TCS Daily


The X Factor of Harriet Miers

By Douglas Kern - October 6, 2005 12:00 AM

My teammate X was sprawled on the hotel bed, muttering "Why? Why?" as he contemplated the failure of his legal genius.

X was the smartest member of my law school's moot court team. He wasn't the finest of public speakers and his legal writing style wasn't textbook perfect, but who could question his monumental intellect? He won the award for highest first-year GPA. He read abstruse law and philosophy journals for fun. He debated with professors after class, exercising a subject mastery that left onlookers slack-jawed. And when he proudly announced to his moot court teammates that he had found an obscure jurisdictional issue in the tournament fact pattern -- a discovery that we just had to present to the tournament judges -- who were we to object?

The moot court judges spanked his pet idea like an unruly two-year-old. The alabaster castle of X's elegantly crafted oral arguments fared badly against the massive sledgehammer of blunt legal reality. The moot court judges were local litigating attorneys who had no patience for cutesy law review theories and tricky, if-you-read-the-law-a-certain-way shenanigans. For all his brilliance, X had failed to persuade. And, absent persuasion, the law is just a game of Scrabble, played with ideas for tiles.

Where brilliance failed, directness succeeded. My partners and I avoided X's ultra-intelligent theory altogether in our oral arguments, and subsequently made the break to semifinals at the tournament.

I thought of X when I read the blogosphere response to the nomination of Harriet Miers to the Supreme Court. A litigator with a resume lacking in the oak-leaf clusters and gold-plated bowling trophies that separate the super legal achievers from the super-super legal achievers, Miers has been damned as an over-promoted crony and praised with the kind of lackluster yet overwrought accolades usually reserved for the fastest kid in the Special Olympics race. The famous quote from Senator Roman Hruska has been much cited. Of a dubious Supreme Court nominee, Senator Hruska once said: "Even if he is mediocre there are a lot of mediocre judges and people and lawyers. They are entitled to a little representation, aren't they, and a little chance? We can't have all Brandeises, Cardozos, and Frankfurters, and stuff like that there." Har, har! What a ludicrous defense of a hopeless nimrod! Har har har har har!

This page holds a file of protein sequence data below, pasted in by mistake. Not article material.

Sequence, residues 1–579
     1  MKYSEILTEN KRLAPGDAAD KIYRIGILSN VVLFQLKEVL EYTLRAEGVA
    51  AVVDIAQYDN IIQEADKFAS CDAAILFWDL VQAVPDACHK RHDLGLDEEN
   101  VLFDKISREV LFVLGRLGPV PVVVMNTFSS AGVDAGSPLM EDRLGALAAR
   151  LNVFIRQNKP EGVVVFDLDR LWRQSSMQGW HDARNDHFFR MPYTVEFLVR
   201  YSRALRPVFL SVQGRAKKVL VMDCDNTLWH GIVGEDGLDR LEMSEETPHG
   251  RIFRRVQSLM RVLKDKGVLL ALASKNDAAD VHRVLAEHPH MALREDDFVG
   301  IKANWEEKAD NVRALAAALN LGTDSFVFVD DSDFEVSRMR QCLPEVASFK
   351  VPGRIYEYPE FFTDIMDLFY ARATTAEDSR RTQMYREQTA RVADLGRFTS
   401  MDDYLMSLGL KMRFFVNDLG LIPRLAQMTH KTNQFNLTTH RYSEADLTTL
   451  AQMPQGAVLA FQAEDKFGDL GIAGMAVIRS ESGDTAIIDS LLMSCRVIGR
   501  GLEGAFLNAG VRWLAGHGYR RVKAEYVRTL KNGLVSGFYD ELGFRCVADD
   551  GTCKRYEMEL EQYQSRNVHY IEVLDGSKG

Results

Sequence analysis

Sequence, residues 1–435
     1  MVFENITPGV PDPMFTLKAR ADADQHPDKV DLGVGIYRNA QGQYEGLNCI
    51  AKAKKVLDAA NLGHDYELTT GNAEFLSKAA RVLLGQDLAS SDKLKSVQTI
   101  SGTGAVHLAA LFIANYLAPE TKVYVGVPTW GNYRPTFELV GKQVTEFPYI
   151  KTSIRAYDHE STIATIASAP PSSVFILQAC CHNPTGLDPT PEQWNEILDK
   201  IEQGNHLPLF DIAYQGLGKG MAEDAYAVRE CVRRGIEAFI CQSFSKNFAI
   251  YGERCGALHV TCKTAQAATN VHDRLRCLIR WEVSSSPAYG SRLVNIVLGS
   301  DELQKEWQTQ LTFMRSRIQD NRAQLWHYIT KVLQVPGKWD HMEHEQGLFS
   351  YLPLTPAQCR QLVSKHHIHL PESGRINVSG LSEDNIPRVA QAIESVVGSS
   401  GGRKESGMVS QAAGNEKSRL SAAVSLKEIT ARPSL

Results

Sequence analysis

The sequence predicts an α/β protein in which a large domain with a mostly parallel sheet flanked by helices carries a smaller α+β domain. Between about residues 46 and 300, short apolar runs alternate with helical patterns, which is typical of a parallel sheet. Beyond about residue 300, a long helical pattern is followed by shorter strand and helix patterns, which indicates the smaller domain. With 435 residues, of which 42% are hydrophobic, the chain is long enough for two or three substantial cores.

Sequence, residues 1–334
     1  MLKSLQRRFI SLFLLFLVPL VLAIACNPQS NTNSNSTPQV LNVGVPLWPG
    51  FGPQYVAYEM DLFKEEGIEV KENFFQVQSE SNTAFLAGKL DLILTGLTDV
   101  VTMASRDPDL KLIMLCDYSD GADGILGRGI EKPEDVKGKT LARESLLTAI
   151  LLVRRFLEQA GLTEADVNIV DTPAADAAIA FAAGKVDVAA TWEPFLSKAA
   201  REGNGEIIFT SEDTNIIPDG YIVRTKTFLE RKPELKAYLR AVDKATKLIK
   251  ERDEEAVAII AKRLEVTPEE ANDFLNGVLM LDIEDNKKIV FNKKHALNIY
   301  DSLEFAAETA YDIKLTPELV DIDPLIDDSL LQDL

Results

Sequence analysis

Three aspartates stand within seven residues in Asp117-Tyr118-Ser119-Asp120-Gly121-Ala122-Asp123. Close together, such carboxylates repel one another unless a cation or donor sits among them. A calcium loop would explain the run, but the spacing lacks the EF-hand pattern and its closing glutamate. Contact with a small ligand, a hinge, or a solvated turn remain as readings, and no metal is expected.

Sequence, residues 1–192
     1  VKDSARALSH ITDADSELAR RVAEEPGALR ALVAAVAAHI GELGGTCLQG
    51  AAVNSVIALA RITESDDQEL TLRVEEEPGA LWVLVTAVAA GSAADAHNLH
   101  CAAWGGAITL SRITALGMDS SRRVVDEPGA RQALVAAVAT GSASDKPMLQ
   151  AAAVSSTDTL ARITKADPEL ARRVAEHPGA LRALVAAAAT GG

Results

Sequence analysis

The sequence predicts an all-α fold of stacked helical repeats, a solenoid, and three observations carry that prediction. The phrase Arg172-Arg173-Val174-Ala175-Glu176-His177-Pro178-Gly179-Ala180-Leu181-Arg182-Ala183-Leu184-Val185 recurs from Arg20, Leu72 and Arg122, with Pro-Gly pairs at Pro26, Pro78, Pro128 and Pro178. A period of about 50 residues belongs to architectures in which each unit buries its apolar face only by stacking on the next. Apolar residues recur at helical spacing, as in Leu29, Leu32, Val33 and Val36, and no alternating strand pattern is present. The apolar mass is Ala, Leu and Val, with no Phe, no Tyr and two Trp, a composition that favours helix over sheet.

After we've harred our merry hars, let us reflect on the poorly articulated wisdom hidden in Senator Hruska's words. Lawyers, judges, and people do tend to be average. (Average is funny that way; it's like a mathematical law or something.) We might benefit from a justice smart enough to be smart and average enough to connect with the other 99% of the legal profession. But we aren't likely to find such a justice among the Xs of the legal profession.

Law students like X tend to end up in the judiciary, and later in life they dominate the Supreme Court. And it shows. Consider the Lemon test. Derived from a 1971 Supreme Court decision, the Lemon test is a conceptual tool for determining whether the government has "established" religion in violation of the First Amendment of the Constitution. It's a three-pronged test, and subsequent Supreme Court jurisprudence has added to it lots of modifiers and sub-clauses and associated intellectual debris. The result has been jurisprudential chaos. Predicting the constitutionality of a governmental interaction with religion is like playing an expert-level game of Minesweeper: it's half educated guessing and half dumb luck, with bombs randomly strewn across the playing field to thwart your meticulous reasoning at unexpected times. Such over-reasoned intellectual froth has the mark of X all over it.